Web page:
Americans are fed up with housing prices. A third say that housing costs prevent them from living near their jobs, and tens of millions of families in the United States are paying more than a third of their incomes for their dwelling costs. That’s the largest number of rent-burdened families in more than a decade.

In a new analysis, I find that in high-housing-cost metropolitan areas, more housing construction is associated with higher housing affordability for the population, on average. Less restrictive land-use policies likely explain part of this outcome. The Houston region, for example, has less restrictive zoning policies, more housing construction, and higher overall affordability than the Boston region.

Yet, less restrictive zoning and high rates of housing construction alone are unlikely to meet the needs of the households with the lowest incomes. For those families, affordable housing is substantially more accessible in the Boston region than in the Houston region, in large part because of the greater availability of public subsidies for affordable units in Boston compared with Houston.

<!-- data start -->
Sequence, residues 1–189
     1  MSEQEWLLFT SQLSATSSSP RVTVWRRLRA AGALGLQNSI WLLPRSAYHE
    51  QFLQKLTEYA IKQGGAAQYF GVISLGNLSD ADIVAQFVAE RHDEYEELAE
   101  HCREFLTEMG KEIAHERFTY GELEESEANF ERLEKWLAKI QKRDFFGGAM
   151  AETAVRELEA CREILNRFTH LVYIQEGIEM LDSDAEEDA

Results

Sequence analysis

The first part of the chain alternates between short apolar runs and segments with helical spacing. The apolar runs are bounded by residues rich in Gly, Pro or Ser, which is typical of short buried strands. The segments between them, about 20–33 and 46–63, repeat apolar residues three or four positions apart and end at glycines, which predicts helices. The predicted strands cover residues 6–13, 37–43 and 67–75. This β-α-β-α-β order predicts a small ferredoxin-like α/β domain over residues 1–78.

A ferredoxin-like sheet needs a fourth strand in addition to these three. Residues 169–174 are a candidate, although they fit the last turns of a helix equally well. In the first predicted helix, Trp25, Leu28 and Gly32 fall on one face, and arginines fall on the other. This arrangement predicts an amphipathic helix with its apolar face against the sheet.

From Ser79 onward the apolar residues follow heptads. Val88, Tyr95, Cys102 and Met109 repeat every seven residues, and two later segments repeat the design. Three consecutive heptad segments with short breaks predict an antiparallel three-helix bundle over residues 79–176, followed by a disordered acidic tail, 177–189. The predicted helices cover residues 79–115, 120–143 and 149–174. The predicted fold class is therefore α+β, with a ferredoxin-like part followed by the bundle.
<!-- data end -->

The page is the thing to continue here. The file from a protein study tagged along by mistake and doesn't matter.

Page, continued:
These data illustrate the nuanced nature of the housing market in US metropolitan areas. Overall, homes are more affordable in regions where there has been more recent housing construction, indicating that additional supply is necessary to help meet America’s housing needs. Local, state, and federal policymakers seeking to improve affordability should consider reforming local land-use policies to encourage more building.

But public officials should also identify new means to expand housing subsidies. Overall, the federal government’s funding for units supported by HUD programs has declined over the past two decades, despite continuing need. Public supports can help fill the gap in housing affordability for renters with extremely low incomes. Both vouchers for residents to rent in private-market homes and subsidies for permanently affordable units are needed.

To truly tackle housing affordability issues in the US, policymakers from multiple levels of government should collaborate to link zoning reforms with increased housing subsidies for the lowest-income households. State governments, for example, could require localities to zone for a minimum level of new construction while providing added financial support for affordable housing.

Read the full article about affordable housing policies by Yonah Freemark at Urban Institute.